Moray was the illegitimate son of James V of Scotland and Lady Margaret Erskine, daughter of John Erskine, 4th Earl of Mar.
After the return of his half-sister Queen Mary in 1561, he became her chief adviser. In 1562 he defeated a rebellion by George Gordon, Earl of Huntly, at Corrichie near Aberdeen. About this time Moray married Anne (d. 1583), daughter of William Keith, 1st Earl Marischal.
After Moray opposed Mary's marriage to Lord Darnley in 1565, he was declared an outlaw and took refuge in England. Returning to Scotland after the murder of David Rizzio, he was pardoned by the Queen. He contrived, however, to be away at the time of Darnley's assassination, and avoided the tangles of the marriage with Bothwell by going to France. After the abdication of Queen Mary at Lochleven, in July 1567, he was appointed regent of Scotland. When Mary escaped from Lochleven (May 2,1568), the Duke of Chatelherault and other Catholic nobles rallied to her standard, but Moray and the Protestant lords gathered their adherents, defeated her forces at the Battle of Langside, near Glasgow (May 13, 1568), and compelled her to flee to England.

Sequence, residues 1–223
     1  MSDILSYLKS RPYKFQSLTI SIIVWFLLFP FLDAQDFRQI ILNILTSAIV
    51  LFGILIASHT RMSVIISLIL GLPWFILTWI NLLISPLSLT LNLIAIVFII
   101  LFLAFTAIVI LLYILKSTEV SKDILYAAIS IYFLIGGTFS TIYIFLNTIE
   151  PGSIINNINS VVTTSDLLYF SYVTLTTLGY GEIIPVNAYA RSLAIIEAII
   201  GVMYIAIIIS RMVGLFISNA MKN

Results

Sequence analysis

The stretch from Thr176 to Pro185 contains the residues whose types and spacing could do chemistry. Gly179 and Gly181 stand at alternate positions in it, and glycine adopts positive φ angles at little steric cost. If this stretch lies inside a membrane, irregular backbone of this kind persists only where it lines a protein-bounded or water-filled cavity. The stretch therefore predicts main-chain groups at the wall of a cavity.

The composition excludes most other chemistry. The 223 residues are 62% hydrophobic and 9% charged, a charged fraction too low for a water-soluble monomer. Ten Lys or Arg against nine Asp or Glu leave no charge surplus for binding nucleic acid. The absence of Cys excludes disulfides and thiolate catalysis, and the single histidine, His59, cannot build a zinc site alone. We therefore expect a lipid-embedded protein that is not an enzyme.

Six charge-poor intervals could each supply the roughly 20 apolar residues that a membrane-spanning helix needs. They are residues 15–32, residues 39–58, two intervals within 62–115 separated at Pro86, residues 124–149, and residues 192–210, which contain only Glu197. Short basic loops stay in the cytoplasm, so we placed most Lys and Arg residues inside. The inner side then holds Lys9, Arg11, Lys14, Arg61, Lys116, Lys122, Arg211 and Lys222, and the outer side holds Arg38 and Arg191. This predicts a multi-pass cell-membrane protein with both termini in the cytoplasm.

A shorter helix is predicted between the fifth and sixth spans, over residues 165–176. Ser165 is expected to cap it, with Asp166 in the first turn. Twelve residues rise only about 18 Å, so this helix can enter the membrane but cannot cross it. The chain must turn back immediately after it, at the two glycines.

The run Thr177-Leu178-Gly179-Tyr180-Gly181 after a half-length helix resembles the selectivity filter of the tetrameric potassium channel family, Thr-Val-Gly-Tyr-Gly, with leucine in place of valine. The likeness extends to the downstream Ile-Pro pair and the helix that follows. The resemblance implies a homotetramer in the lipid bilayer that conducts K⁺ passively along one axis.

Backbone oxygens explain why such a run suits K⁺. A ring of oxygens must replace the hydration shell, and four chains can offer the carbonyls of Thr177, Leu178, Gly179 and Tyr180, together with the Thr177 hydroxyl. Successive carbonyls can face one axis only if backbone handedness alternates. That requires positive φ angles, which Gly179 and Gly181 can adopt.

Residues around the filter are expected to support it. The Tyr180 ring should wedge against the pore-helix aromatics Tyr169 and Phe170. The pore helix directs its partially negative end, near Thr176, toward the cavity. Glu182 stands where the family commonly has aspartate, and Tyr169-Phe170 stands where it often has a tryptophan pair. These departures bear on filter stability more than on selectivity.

Moray was assassinated in Linlithgow by Hamilton of Bothwellhaugh, a supporter of Mary.